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RE: [jboske] Opacity and belief



John:
> And Rosta scripsit:
> 
> > I'm not sure whether you are saying more than that 'Superman' and
> > 'Clark Kent' are two names for the same individual. [...] If they
> > are are merely two names for the same individual, then the example
> > does not differ from the Jorge/xorces, tungsten/wolfram case 
> 
> Yet you originally asserted that it did; why?

Because Superman flies, wears a cape, wears his underpants outside
his pants. Clark wears glasses, works for the Daily Globe. Show me
a picture of the one in the cape and I'll say it's Superman. Show
me a picture of the one in the glasses and I'll say it's Clark.

> > > As for the wolfram/tungsten case, this too was discovered *a posteriori*:
> > > a German and a Swedish miner compared notes, or groups thereof, and
> > > found they were talking about the same stuff 
> > 
> > I would say that the words have changed in meaning, then, to become mere
> > synonyms 
> 
> How so? I think the facts hardly justified the conclusion that Swedish
> miners used to believe that the German ore was not tungsten (or vice
> versa), they were simply agnostic on the subject 

Agnosticism isn't possible with synonymy. Either you believe two
words have the same sense, or you don't. In this instance, they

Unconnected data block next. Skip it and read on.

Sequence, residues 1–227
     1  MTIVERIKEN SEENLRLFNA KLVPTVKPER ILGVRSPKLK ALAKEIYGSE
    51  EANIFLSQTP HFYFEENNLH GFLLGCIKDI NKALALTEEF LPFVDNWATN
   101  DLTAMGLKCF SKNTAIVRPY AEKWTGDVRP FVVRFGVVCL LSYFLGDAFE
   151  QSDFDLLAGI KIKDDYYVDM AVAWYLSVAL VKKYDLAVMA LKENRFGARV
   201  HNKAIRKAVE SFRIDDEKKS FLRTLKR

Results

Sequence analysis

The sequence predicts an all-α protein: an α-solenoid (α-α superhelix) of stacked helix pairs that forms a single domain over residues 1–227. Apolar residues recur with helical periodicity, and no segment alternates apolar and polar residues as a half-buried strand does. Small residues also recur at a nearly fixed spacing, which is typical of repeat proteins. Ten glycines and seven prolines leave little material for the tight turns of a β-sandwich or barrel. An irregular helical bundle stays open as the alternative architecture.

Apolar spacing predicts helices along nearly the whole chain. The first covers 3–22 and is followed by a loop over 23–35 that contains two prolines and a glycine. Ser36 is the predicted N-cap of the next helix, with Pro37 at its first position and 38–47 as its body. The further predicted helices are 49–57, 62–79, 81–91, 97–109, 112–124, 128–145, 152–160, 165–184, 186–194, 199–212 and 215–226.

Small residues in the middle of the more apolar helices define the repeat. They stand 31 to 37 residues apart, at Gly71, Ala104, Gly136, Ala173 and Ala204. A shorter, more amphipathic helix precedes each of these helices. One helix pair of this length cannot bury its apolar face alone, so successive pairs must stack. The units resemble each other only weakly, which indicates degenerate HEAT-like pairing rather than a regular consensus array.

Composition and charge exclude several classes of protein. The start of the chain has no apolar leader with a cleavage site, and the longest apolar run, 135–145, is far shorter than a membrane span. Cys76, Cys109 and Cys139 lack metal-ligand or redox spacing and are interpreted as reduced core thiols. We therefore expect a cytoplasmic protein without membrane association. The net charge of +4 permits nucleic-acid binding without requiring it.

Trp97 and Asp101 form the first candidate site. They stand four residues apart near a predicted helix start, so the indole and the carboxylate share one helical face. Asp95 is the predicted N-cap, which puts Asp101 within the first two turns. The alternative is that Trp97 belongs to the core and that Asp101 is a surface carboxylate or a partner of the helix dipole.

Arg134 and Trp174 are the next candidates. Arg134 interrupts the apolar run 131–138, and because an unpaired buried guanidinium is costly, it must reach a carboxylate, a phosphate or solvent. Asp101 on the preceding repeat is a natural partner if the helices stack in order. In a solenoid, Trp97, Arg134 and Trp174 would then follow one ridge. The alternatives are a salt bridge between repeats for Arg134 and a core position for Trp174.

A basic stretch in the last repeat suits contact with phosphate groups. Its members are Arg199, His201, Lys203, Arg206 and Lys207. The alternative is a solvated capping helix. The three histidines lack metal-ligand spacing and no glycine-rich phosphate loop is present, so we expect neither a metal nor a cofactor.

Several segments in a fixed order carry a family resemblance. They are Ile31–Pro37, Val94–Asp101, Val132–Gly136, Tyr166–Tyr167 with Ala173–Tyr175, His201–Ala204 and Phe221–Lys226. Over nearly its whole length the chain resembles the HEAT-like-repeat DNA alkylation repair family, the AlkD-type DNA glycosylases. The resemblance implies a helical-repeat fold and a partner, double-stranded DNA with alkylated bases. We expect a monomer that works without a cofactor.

didn't. But I do.

> Suppose you met Columbus at the dock on his return from the New World 
> He hands you a chunk of yellow metal, saying "I think this is gold,
> they have a lot of it over there, can you check?" You determine that
> it is, in fact, gold. Do you know say that the meaning of "gold" has
> changed to incorporate the New World stuff as well as the Old World
> stuff? Or do you simply say that there is gold in the New World?

I'd tend to opt for the latter.

> > At any rate, it seems clear to me that we have two different kinds
> > of situation. In one, two different wordshapes both point to the 
> > same sense. In the other, two wordshapes point to senses that may
> > or may not be believed to be equivalent. 
> 
> There's a subtle distinction here that Kripke points out better
> than I can. Until a few years ago, I did not know that "groundhog"
> and "woodchuck" had the same referent (viz. the species *Marmota monax*);
> I predicated some things of groundhogs, others of woodchucks 
> Now I know better, and predicate all these things of the same critters,
> whether you call them woodchucks, groundhogs, or M. monax (whose synonymy
> I discovered only today, thanks to WordNet). I could have remained in
> ignorance forever, but that would not mean that there were in fact
> two distinct populations of woodchucks and groundhogs 

That's right. (it so happens that one of the few things I know about
these two words is that they denote the same thing.) You can conclude
that for you they are synonymous, unless there is strong evidence 
from the rest of usage that they aren't generally recognized as
such, in which case you may create a superconcept that covers
them both, but continue to think of a woodchuck as a M. monax that